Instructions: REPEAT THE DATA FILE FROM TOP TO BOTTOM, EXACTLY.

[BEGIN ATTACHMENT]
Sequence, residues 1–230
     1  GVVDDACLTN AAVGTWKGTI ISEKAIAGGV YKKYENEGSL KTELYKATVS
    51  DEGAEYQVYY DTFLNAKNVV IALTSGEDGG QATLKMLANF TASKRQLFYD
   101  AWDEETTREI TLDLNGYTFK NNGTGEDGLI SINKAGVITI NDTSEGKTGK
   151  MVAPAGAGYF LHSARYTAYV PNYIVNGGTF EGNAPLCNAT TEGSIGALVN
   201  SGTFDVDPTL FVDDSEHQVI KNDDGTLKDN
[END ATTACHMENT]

Sequence, residues 1–230
     1  GVVDDACLTN AAVGTWKGTI ISEKAIAGGV YKKYENEGSL KTELYKATVS
    51  DEGAEYQVYY DTFLNAKNVV IALTSGEDGG QATLKMLANF TASKRQLFYD
   101  AWDEETTREI TLDLNGYTFK NNGTGEDGLI SINKAGVITI NDTSEGKTGK
   151  MVAPAGAGYF LHSARYTAYV PNYIVNGGTF EGNAPLCNAT TEGSIGALVN
   201  SGTFDVDPTL FVDDSEHQVI KNDDGTLKDN